Urticina coriacea (Cuvier, 1798)
Common name(s): Leathery anemone, Stubby rose anemone, Scarlet anemone, Red bead anemone, Buried Urticina
|Synonyms: Tealia lofotensis|
Order Actiniaria (Anemones)
|Urticina coriacea at about 13 m depth near Keystone jetty.|
|(Photo by: Kirt Onthank, August 2007)|
How to Distinguish from Similar Species: Of anemones with a red column, Urticina lofotensis and U. columbiana have white tubercles arranged in rows. U. crassicornis may have a red column (usually with some green) but it does not accumulate sand and gravel and its tentacles usually have broad cross-bands. Urticina piscivora also has a red column but its inconspicuous tubercles do not accumulate sand and gravel. Cribrinopsis fernaldi has spherules at the margin of the oral disk and its tentacles have fine dark red zigzag bands across them. Most of the other red-columned anemones do not bury in sand or gravel.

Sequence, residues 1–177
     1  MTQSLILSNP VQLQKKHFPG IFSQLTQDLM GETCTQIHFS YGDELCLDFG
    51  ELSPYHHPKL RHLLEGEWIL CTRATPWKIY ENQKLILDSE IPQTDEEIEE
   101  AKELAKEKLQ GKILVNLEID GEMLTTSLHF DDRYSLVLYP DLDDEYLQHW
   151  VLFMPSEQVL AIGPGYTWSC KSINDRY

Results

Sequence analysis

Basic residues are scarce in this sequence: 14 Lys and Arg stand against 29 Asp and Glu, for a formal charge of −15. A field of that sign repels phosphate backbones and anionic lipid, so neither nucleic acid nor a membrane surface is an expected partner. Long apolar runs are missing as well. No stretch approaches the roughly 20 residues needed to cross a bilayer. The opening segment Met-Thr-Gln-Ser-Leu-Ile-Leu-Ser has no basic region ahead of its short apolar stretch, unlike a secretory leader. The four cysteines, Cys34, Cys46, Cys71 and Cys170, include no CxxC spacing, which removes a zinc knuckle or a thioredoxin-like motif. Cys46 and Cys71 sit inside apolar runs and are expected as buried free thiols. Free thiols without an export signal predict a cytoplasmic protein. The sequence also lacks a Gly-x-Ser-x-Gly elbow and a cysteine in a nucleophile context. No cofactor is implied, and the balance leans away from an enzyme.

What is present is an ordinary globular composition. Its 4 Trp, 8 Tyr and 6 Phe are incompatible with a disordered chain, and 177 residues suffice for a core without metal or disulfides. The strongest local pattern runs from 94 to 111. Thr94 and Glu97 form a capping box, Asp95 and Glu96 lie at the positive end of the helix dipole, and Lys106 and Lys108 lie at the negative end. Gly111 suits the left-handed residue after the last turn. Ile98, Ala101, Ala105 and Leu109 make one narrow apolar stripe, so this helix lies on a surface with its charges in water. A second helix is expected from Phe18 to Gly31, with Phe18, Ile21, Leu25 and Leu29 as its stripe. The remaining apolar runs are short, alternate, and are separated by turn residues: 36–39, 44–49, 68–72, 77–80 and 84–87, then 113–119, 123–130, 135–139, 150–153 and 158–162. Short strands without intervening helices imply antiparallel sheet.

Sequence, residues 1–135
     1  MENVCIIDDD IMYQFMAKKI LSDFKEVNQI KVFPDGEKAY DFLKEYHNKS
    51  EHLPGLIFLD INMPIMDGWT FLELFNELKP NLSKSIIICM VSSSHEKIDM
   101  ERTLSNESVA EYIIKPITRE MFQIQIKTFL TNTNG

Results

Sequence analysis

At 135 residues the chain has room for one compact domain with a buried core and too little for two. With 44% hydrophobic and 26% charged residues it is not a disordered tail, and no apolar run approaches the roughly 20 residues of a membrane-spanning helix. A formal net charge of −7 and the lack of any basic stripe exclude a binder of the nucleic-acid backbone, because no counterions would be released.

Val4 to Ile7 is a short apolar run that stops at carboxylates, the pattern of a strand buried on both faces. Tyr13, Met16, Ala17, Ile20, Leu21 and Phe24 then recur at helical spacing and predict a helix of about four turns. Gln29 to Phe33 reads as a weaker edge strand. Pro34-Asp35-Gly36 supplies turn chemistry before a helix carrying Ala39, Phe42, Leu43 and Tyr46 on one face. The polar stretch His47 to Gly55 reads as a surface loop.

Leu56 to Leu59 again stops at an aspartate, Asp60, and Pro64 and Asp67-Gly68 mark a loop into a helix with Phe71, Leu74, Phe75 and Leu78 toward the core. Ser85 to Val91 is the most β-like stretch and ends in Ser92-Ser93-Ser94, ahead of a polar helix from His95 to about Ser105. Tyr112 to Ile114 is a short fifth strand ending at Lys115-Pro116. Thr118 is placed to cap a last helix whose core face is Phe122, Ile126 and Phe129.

Geographical Range: Alaska to southern California; Europe (circumpolar)
Depth Range: Low intertidal to 45 m
Habitat: Buried in coarse sand or gravel in tidepools, subtidal, may be on rock walls subtidally.
Biology/Natural History: This species
usually is attached to a rock below the sediment with only the oral disk
exposed, or subtidal individuals may be attached directly to a rock and
not living in sediment. Predators include the leather star Dermasterias
imbricata. This species may be a species complex.
|Main Page||Alphabetic Index||Systematic Index||Glossary|
American Fisheries Society, 2002
Morris et al., 1980 (as Tealia coriacea)
O'Clair and O'Clair, 1998
Ricketts et al., 1985 (as Tealia coriacea)
General Notes and Observations: Locations,
abundances, unusual behaviors:
Another individual. Photo by Kirt Onthank 2007